November is slated to be a big month for weed legalization initiatives. These 5 U.S. states could go green.
Widespread weed legalization in the U.S. in November could certainly put a positive spin on an otherwise tumultuous year.
A global pandemic, widespread lockdowns, and economic turmoil have defined 2020, though, amid all of this, the weed industry has remained surprisingly resilient.
On top of weed dispensaries seeing increased sales during the pandemic, following their designation as “essential” stores, many weed legalization initiatives have also sprung up to be voted on in November.
It should be mentioned that these initiatives are separate from the weed Opportunity Reinvestment and Expungement (MORE) Act, which was slated to be voted upon this month, and has since been postponed.
While the MORE Act could be revolutionary by removing weed from the list of controlled substances, many experts believe that once the bill reaches Republican Senate Majority Leader Mitch McConnell, who is known for his hawkish views on drugs, it is dead in the water.
With that aside, let’s take a look at some of the other weed legalization initiatives and ballots scheduled for November, and let’s see how likely they are to occur.
1. NEW JERSEY
At the end of last year, the ‘New Jersey Public Question 1, Marijuana Legalization Amendment’ was passed, which will allow New Jersey residents to decide whether weed should be legalized in the state’s 2020 ballot.
The ballot is scheduled to occur on the 3rd of November and would amend New Jersey’s Constitution to permit the possession, production, and retail sale of weed to those age 21 or older. Moreover, it’s looking like the ballot may indeed be approved, with polling data from Monmouth University showing that 61% of respondents saying that they will vote for the measure.
The ballot question to push for the legalization of weed in New Jersey is as follows: “Do you approve amending the Constitution to legalize a controlled form of weed called ‘weed’?
Monmouth’s poll revealed that New Jersey’s weed legalization efforts were most supported by Democratic voters, of which 74% were in favor of the bill, and Independents, with 64%. Only 40% of Republican voters supported the bill.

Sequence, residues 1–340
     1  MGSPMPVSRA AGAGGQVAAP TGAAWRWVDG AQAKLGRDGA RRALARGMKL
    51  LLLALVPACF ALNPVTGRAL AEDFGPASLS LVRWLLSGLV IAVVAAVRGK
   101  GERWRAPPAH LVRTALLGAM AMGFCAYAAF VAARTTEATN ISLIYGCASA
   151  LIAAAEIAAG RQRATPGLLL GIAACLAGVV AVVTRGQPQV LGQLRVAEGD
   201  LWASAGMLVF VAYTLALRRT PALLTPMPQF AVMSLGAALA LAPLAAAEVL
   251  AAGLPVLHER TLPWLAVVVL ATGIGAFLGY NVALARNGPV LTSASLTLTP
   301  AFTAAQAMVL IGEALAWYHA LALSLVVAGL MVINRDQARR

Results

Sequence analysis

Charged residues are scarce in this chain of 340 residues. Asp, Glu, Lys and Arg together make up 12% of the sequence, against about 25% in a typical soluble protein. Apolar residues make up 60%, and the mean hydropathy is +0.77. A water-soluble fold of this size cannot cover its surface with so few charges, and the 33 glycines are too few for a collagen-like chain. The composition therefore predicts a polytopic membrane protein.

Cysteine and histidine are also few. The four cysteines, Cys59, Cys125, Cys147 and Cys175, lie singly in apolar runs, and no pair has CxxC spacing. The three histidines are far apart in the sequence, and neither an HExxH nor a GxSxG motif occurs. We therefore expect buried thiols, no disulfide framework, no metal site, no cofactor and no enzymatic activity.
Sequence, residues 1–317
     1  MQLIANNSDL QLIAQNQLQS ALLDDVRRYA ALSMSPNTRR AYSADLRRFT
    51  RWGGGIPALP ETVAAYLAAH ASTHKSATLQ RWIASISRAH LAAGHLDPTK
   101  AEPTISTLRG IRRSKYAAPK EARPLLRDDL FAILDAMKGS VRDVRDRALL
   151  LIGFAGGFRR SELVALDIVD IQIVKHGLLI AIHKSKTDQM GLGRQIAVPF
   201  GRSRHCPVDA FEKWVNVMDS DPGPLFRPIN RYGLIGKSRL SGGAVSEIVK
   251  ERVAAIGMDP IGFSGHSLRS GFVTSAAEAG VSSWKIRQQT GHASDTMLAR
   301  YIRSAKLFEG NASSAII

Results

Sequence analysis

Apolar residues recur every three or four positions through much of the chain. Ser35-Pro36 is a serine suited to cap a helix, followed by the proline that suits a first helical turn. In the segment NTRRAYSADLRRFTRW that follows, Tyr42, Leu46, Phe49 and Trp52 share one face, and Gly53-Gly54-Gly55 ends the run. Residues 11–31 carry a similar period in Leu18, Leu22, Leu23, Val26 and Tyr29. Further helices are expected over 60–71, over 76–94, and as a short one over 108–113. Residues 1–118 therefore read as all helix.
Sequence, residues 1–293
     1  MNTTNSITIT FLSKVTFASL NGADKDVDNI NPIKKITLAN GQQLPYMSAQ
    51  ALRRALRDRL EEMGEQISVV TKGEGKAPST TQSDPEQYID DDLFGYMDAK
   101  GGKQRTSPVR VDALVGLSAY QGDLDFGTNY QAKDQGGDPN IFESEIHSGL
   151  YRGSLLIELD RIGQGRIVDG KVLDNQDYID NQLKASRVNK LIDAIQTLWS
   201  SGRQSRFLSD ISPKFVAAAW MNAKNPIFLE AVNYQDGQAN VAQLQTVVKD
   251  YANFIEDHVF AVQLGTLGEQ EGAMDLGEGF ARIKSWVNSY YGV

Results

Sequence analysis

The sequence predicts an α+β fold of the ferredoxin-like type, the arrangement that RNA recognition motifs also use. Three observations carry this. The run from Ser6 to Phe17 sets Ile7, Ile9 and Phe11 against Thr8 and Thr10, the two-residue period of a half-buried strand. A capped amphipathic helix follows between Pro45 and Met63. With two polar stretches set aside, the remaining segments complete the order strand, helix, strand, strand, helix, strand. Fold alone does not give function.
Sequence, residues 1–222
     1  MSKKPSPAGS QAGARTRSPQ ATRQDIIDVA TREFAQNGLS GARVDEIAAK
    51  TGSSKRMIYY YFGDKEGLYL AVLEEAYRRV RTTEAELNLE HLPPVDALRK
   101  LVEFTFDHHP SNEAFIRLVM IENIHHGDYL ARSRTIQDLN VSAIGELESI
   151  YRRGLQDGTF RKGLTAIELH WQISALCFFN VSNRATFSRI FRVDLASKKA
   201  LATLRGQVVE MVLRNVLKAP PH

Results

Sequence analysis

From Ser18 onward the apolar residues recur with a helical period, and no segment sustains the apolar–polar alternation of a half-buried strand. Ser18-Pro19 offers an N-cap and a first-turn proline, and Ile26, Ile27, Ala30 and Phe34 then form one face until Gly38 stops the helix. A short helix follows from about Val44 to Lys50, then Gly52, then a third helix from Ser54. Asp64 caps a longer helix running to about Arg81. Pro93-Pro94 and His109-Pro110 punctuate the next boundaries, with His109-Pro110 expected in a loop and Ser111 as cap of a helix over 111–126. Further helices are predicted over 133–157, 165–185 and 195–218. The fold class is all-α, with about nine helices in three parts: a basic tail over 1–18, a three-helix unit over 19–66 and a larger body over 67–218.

Following the narrow loss of Arizona’s proposition 205 in November 2016, which received 49% support, The Arizonan Dispensaries Association has since filed a new weed legalization initiative.
Known as both the ‘Smart and Safe Act’ and ‘Prop 207,’ the new initiative, if passed, would legalize adult-use weed in Arizona.
In July, the Smart & Safe Initiative had received over 420,000 signatures, nearly double the necessary 237,645 signatures required.
A recent poll by Monmouth University also revealed that the ballot should receive a slight majority of the votes, meaning that Arizona could very well become the 12th U.S. State to legalize adult-use weed.
3. SOUTH DAKOTA
Lastly, is South Dakota, where there will be two marijuana initiatives on the November ballot. One, named Initiated Measure 26 which will decide if voters wish to legalize medicinal weed, and a second, named Constitutional Amendment A, which will decide if voters wish to legalize recreational marijuana.
While there isn’t yet polling data on the general attitudes of South Dakotans on weed legalization, the fact that these initiatives made it onto the ballot means they had to surpass the signature threshold, which in this case was upwards of 30,000 signatures.
There are some factors working against the State, however, given that South Dakota is considered a “deep-red” state, and that the state has previously rejected two prior medical weed initiatives.
Montana has two weed ballot initiatives slated for 2020, following a campaign led by New Approach Montana.
The first initiative is a statutory initiative that seeks to legalize weed use for adults over the age of 21, as well as setting up the necessary provisions for a legal weed market.
The second initiative is a constitutional amendment that would make the legal minimum age for weed use at 21.
The ballot measures required 25,000 valid signatures from registered voters in order to qualify the statutory initiative and 51,000 signatures for the constitutional proposal to implement age restrictions.
As of August 13th, after collecting over 130,000 signatures, the Montana Secretary of State announced that the campaign had submitted enough signatures to qualify both initiatives for the ballot.
In the case of Mississipi, voters will be deciding whether medical weed becomes legal in the state, potentially making Mississipi the 34th U.S. state to do so. The question appearing on the November ballot is as follows:
‘Should Mississippi allow qualified patients with debilitating medical conditions, as certified by Mississippi licensed physicians, to use medical weed?’
Despite being a red, or Republican state (which traditionally means being more reticent toward weed legalization), recent polling data shows that nearly eight-out-of-ten Mississipi voters support legalizing medical weed. Should the ballot go ahead unimpeded, it’s looking like Mississipi will have legalized medical weed by the end of November.